The impulse to self-harm is not something well understood by people who have never had the impulse themselves. Images that pop into people’s heads is one of sheer madness and out-of-control psycho-attention-seeking behavior.
I myself can understand both sides. As far as self-harming goes, even though I’ve contemplated the thought, I’ve never exactly had the desire to cut myself. I hate the sight of blood and I hate the kind of pain that derives from cutting. I honestly couldn’t even fathom it. Therefore, I can see how shocking it is for non-self-harmers.
However, even though I was never a cutter, I was a burner. Tit for tat you might say… and you may be right but for me burning seemed so much more sophisticated and far less messy. I could employ sweet-smelling candles or the lit end of a robustly scented insence stick.
Attention seeking? Yes, it can’t be denied that drawing attention to being in accute and unexplainable pain is most definitely part of it. Can’t you see my scars?!? Don’t you even care how much I’m hurting?!?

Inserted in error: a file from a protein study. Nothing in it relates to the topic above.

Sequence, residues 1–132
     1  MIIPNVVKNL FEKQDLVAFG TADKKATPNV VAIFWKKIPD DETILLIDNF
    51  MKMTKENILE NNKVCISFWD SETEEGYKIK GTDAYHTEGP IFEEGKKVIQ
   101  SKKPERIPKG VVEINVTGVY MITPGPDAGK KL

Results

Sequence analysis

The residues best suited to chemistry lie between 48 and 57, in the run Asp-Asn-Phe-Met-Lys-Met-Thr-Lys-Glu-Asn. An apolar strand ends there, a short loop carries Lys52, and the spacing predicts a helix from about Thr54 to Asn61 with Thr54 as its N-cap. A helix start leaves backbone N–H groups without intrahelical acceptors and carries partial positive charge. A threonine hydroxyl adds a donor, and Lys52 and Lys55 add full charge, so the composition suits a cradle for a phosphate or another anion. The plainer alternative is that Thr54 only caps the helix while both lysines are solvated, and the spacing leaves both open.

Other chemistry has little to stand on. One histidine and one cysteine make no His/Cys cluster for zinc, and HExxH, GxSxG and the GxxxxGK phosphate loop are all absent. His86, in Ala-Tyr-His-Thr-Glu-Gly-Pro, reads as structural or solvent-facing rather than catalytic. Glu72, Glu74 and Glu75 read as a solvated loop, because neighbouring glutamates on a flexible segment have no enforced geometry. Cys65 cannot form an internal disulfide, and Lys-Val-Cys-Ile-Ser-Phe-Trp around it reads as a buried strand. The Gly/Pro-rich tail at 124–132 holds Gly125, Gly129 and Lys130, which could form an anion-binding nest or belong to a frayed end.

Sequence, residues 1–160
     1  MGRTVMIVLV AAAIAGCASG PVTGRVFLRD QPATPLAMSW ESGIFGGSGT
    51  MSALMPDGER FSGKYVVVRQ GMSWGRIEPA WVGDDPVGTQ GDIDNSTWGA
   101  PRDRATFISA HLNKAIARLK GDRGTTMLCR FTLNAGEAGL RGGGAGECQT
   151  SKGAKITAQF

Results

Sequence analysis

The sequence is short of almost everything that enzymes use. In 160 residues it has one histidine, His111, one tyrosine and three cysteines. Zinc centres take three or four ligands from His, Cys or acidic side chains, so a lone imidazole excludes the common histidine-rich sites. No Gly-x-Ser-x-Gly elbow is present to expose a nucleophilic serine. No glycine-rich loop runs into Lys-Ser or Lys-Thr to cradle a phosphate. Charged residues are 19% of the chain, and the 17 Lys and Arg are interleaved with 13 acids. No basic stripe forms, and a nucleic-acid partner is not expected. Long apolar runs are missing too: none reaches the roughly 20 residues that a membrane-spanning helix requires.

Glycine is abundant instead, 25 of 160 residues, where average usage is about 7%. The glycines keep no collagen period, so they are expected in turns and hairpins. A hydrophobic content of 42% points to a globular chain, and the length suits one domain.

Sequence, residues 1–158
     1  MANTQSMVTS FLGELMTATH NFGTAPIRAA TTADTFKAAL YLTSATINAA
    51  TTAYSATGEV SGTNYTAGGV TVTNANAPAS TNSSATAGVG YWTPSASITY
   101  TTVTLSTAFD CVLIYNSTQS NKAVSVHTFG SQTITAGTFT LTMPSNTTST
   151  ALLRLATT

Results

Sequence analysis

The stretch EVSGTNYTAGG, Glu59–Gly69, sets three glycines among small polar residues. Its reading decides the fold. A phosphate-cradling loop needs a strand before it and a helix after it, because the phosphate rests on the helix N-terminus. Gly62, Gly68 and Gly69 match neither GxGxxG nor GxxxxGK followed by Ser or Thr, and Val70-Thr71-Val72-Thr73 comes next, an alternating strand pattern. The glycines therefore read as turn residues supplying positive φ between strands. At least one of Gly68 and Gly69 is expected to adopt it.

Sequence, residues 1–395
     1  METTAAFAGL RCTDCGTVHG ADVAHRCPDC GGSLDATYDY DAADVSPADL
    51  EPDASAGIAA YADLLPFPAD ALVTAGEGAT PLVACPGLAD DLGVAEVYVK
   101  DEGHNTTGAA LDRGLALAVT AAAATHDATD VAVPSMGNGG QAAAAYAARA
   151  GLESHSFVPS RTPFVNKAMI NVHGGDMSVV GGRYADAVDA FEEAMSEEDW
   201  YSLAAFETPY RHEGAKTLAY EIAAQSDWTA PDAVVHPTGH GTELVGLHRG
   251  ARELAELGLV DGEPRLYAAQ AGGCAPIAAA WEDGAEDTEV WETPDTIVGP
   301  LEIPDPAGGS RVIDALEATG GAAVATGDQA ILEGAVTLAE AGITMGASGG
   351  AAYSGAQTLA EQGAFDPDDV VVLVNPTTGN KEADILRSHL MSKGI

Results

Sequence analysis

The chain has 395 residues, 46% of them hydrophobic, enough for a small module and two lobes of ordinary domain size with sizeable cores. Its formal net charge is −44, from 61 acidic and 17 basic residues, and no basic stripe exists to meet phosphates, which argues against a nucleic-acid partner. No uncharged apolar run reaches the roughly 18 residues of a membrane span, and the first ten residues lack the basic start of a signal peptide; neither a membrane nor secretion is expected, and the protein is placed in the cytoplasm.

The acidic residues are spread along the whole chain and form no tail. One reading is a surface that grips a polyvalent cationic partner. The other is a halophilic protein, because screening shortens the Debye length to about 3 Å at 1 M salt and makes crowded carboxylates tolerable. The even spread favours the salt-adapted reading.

However, the chief reason why I chose to burn myself is that it worked like a sort of transference. This term is ordinarily used to explain the odd psychological phenomenon wherein one person will transfer their emotional pain from one person to another. This happens all the time right? Hatred for a father can later get transferred to a husband or a therapist, for instance.
Self-harm, for me anyway, worked like a kind of transference in that my emotional and psychological pain would then get transferred to physical pain, which can be far easier to deal with… go fetch some sauve and a band-aid. Emotional pain can sometimes be far worse and more debilitating than physical pain. I believe this is especially true for people with BPD. Emotional pain can feel like repeadly being stabbed with a dull knife or beaten with a large stick.
So, when I read this helpful page on the NAMI website on Self-harm I was rather amazed that it described perfectly how this works. If you’re a self-harmer this is a helpful page to read.
One of the best aspects of recovery is that I no longer have any desire whatsoever to hurt myself, and that is a great thing!
Here are two more pages on self-harm I found helpful.